I didn’t bother getting to know my brothers and sisters while growing up. They were older, and leaving home to start their own lives while I was still trying to figure out mine. But as we developed our own families and careers we also began connecting as adults. 

My six siblings, though unique, portray universal traits too. There is the  cynic, the eccentric, the peacemaker, the professional, the soft hearted and the broad minded. Though I try to treat them all “equally,” I do have my preferences. 

Through the family grapevine, I heard that my oldest sister’s depression was growing more serious and debilitating. Though not one of my “preferred” sisters, I called her and listened while she told me about her “Black Dog,” the term she used for her depression. 

I thought back to when she was in high school and how she’d played the part of Emily in Thorton Wilder’s play, Our Town. I recalled the times she’d come home to visit from nursing school, knock on the front door dressed as an old bag lady to make Mom laugh. Maybe the “Black Dog” was just something theatrical.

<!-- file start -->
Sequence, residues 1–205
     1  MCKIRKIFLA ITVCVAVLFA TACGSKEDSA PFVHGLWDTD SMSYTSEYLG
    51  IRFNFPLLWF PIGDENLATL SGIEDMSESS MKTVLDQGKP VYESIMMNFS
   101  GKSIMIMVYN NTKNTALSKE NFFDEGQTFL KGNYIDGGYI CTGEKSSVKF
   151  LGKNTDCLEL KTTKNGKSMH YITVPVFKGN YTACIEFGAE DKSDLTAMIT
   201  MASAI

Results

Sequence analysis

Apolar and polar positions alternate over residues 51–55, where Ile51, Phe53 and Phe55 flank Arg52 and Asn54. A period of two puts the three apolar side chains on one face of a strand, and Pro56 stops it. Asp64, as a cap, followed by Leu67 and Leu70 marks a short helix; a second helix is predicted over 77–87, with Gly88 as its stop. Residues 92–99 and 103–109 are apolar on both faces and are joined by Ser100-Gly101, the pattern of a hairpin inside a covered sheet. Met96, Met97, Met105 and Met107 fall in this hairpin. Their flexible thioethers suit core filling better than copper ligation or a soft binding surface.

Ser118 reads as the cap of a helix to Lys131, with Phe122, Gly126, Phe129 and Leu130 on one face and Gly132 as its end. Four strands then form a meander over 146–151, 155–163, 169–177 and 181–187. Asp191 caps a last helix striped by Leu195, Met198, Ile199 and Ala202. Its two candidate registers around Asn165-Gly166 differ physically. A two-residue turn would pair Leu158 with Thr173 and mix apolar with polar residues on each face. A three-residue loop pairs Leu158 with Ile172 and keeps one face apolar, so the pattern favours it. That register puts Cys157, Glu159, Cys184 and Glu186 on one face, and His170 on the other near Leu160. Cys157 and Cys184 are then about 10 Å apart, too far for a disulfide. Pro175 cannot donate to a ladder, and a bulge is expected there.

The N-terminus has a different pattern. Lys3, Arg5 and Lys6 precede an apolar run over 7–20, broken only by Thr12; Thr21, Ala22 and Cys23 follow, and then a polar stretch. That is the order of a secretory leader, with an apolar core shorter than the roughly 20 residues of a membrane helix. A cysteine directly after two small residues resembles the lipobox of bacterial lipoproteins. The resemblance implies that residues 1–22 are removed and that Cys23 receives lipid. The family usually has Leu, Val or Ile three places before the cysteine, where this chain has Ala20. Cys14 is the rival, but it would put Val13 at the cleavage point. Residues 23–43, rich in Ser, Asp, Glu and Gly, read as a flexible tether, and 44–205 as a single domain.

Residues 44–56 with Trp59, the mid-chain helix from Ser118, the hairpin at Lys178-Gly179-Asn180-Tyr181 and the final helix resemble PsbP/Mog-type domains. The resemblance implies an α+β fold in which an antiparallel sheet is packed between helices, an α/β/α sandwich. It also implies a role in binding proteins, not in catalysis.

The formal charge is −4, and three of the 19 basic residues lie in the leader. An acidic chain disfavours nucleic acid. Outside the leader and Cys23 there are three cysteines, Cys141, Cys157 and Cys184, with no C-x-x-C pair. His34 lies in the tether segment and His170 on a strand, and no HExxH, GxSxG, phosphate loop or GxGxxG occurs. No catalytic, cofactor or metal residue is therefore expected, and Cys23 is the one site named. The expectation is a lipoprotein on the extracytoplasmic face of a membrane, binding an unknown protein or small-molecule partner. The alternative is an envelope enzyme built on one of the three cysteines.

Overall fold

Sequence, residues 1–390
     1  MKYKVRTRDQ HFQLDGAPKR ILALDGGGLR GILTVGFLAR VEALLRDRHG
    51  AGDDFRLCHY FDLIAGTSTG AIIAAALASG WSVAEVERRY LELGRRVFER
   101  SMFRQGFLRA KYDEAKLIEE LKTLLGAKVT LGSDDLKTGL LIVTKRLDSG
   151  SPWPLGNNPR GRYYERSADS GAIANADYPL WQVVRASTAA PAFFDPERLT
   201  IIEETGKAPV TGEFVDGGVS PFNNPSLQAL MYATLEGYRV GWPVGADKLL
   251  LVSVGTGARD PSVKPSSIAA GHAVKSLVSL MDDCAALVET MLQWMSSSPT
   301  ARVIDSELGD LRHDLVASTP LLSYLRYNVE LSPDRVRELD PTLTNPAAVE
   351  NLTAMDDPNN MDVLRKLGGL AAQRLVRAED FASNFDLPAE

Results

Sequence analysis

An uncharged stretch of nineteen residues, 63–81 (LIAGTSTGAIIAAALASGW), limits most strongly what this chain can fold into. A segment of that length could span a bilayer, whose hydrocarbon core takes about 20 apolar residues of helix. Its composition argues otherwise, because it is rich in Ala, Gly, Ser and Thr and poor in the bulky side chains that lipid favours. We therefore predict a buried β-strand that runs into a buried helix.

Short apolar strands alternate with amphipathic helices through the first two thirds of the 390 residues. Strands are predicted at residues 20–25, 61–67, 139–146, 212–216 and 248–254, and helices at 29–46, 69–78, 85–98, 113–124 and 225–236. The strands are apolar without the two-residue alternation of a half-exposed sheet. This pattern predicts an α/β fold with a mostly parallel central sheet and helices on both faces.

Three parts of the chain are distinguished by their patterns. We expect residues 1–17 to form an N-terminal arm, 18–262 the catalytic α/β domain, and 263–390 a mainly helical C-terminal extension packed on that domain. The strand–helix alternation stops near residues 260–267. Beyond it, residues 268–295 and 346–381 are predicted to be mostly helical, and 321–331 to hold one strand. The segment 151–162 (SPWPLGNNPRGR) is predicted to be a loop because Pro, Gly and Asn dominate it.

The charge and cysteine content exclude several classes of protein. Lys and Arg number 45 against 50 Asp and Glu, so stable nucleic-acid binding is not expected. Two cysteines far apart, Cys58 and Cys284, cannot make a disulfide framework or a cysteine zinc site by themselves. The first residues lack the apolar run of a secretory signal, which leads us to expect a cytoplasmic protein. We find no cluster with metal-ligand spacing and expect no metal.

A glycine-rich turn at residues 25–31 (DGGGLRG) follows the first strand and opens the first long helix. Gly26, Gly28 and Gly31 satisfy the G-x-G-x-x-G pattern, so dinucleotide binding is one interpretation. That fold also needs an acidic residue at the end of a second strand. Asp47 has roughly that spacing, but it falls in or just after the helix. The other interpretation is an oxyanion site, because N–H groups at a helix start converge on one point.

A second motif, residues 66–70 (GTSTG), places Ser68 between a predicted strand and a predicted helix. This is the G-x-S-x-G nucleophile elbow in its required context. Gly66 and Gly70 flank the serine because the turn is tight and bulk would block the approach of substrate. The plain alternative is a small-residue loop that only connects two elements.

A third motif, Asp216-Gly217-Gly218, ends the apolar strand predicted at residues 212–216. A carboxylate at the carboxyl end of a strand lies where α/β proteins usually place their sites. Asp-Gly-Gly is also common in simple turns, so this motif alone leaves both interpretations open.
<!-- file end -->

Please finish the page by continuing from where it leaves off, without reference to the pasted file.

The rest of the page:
But it wasn’t. Her melancholy grew worse. Medication, counseling and other treatments helped temporarily, but the “Black Dog” never went away.  

Then, one year when she came to visit, I invited her out for coffee. I wanted to understand her depression instead of continuing to assume. 

“Can I be frank?” I asked her.

“Only if I can be earnest,” she answered, throwing her head back and laughing.  

I shook my head taking a minute to get her joke. 

“I’m sorry, Terese, it was just such a good line.” 

“Yes, it is,” I chuckled.  

Then she listened while I expressed my desire to know her better and I listened as she described the “Black Dog” to me. 

Now, she calls me Ernest and I call her Frank. The “Black Dog” still visits her and will most likely never go away. Getting to know Ernest better, I’ve discovered how brave and courageous she is. She stays alive when her depression makes her think she’d be better off dead. 

Why bother getting along? It is never too late to listen as though you are getting to know someone for the very first time. Because maybe you are.